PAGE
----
On March 25, 2020, the United States Senate took the unprecedented step of approving the CARES Act, a 2 trillion dollar aid package to support US citizens and the US economy during the COVID-19 pandemic. We believe this bill will become law in a matter of hours and as part of the CARES Act, $350,000,000,000 will be available to small businesses through amendments to the act that governs the Small Business Administration.*
Our preliminary FAQ follows and as soon as regulations and information are published by the SBA and other agencies of the federal government, we will be publishing additional guidance on this loan program. Note, this is a general overview from solely a review of the CARES Act approved by the US Senate. As of this posting, the CARES Act is not officially law and it is possible that provisions of the law as passed by differ from the current bill. If you have particular questions about the program, we encourage you to contact your legal counsel, accountants, and/or financial advisors.
1. Who can apply for a loan? Generally speaking, any business (including those meeting the definition of a “Tribal business concern”), nonprofit organization, or veterans organization that has 500 or fewer employees (subject to upward adjustment by the SBA depending on the applicable industry in which the business, nonprofit organization, or veterans organization operates).
2. I work for myself. Can I apply for a loan? Yes. You are likely eligible but you will need to submit additional documentation to SBA to prove you are self-employed (e.g., 1099-MISC, payroll tax filings submitted to the IRS, etc.).
3. My business has multiple locations. We don’t have 500 employees at any one location, but we have more than 500 employees in total. Can we qualify for a loan? Maybe. If your business is assigned a NAICS code beginning with 72, you are eligible. This code covers businesses in the “Accomodation and Food Services” only. Unfortunately, other businesses that do not fit this narrow criteria are not eligible.
4. My company is VC-backed. Do I only have to count my employees or do the employees of other portfolio companies count? Right now, the answer is nobody knows for sure. Under normal SBA review, the SBA is allowed to count the employees of all "affiliates" in determining the "size" of the applicant (number of employees is a factor in determining whether a business is an "eligible small business concern" for normal SBA lending).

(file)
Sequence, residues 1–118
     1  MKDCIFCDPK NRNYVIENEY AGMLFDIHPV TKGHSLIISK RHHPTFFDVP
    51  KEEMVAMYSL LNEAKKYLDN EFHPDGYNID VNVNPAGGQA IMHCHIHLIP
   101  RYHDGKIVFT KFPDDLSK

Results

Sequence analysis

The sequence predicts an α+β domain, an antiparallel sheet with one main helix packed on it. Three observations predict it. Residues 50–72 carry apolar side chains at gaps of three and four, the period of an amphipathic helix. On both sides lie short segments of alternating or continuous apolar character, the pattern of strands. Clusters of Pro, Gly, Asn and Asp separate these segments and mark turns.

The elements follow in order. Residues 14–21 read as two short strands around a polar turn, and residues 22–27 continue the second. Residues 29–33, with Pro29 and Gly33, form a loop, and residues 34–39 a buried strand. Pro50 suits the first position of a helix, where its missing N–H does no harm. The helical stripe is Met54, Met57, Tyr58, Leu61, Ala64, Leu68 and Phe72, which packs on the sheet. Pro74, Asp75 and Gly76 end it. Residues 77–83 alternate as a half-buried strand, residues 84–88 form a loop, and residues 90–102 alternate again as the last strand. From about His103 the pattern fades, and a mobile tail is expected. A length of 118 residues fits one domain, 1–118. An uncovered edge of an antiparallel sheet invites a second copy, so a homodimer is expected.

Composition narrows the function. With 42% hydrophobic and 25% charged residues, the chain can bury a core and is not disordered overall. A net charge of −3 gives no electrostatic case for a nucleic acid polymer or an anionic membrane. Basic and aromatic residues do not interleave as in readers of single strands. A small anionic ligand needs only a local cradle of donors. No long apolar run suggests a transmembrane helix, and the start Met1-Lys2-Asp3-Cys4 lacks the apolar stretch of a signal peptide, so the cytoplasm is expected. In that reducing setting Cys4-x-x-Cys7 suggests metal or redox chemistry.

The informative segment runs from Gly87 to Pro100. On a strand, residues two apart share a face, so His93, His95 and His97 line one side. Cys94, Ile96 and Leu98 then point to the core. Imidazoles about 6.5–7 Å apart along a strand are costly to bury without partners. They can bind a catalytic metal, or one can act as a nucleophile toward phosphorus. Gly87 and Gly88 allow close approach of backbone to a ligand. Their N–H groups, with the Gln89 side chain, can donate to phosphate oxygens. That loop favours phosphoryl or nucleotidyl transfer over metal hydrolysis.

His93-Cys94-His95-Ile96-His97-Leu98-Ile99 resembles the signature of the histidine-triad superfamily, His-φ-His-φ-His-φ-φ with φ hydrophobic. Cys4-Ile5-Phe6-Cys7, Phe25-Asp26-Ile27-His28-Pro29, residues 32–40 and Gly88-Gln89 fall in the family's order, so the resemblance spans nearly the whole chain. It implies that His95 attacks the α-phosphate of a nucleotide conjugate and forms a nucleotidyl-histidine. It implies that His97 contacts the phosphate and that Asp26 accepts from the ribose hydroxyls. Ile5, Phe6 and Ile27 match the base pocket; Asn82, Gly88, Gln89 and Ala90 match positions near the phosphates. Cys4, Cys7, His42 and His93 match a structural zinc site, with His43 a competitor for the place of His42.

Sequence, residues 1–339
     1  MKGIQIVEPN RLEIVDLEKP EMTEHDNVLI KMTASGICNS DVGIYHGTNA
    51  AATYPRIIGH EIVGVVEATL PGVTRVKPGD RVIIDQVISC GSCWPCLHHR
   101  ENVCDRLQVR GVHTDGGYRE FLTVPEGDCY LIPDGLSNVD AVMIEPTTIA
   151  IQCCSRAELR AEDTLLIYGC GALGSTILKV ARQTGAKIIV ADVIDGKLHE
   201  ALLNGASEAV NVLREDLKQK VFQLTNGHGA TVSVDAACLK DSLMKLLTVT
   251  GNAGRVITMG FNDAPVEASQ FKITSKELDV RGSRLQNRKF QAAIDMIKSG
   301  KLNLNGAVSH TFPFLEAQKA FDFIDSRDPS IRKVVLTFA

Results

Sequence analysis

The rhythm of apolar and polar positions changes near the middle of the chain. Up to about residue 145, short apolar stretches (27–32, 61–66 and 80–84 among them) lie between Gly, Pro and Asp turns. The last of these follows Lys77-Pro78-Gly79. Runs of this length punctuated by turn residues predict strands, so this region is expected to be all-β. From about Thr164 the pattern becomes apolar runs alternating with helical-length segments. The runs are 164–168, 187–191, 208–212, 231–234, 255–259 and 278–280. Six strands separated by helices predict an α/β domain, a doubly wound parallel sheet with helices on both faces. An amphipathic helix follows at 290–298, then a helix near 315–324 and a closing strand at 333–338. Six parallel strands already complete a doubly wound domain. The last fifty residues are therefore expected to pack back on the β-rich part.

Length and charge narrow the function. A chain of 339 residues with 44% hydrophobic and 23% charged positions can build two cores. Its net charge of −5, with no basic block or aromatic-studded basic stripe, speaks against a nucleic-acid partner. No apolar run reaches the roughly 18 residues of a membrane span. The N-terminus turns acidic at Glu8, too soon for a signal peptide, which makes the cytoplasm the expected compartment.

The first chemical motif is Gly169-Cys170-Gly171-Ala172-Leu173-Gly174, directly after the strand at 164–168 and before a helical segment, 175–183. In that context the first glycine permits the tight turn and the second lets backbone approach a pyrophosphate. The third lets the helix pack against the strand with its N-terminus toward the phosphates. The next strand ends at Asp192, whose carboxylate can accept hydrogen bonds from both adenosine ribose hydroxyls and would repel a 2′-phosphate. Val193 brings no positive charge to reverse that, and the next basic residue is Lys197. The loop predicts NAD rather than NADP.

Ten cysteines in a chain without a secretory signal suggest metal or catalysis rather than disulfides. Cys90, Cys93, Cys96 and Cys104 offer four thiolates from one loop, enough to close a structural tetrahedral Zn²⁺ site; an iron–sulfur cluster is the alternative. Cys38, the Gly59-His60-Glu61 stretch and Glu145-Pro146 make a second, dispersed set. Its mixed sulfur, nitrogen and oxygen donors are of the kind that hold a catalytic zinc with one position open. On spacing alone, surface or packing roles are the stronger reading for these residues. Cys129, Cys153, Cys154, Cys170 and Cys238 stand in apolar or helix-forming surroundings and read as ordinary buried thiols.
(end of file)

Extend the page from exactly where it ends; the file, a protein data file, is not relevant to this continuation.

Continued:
"Affiliation" is highly factual in nature and generally requires one party having control over another party (or the power to control). For example, if a VC fund owns more than 50% of your voting stock, you are likely an affiliate of the VC. Or, if you have granted board control or significant "veto" rights to a single investor, the SBA may deem that you are an affiliate to that investor.
One concern is that the CARES Act specifically exempts from the affiliation rules certain accommodation and food service businesses, franchisees, and Small Business Investment Companies; meaning that Congress may be signaling that the typical "affiliation" rules apply for everyone else. Still, the language in the CARES Act for eligible borrowers appears broader than the language in the SBA Act, generally ("any business concern" is used in addition to "small business concerns"). Moreover, the CARES Act specifically states that affiliation rules will apply to nonprofit organizations and veterans organization in the same manner as with respect to a small business concern but it does not say it will apply to those appicants meeting the definition of "any business concern."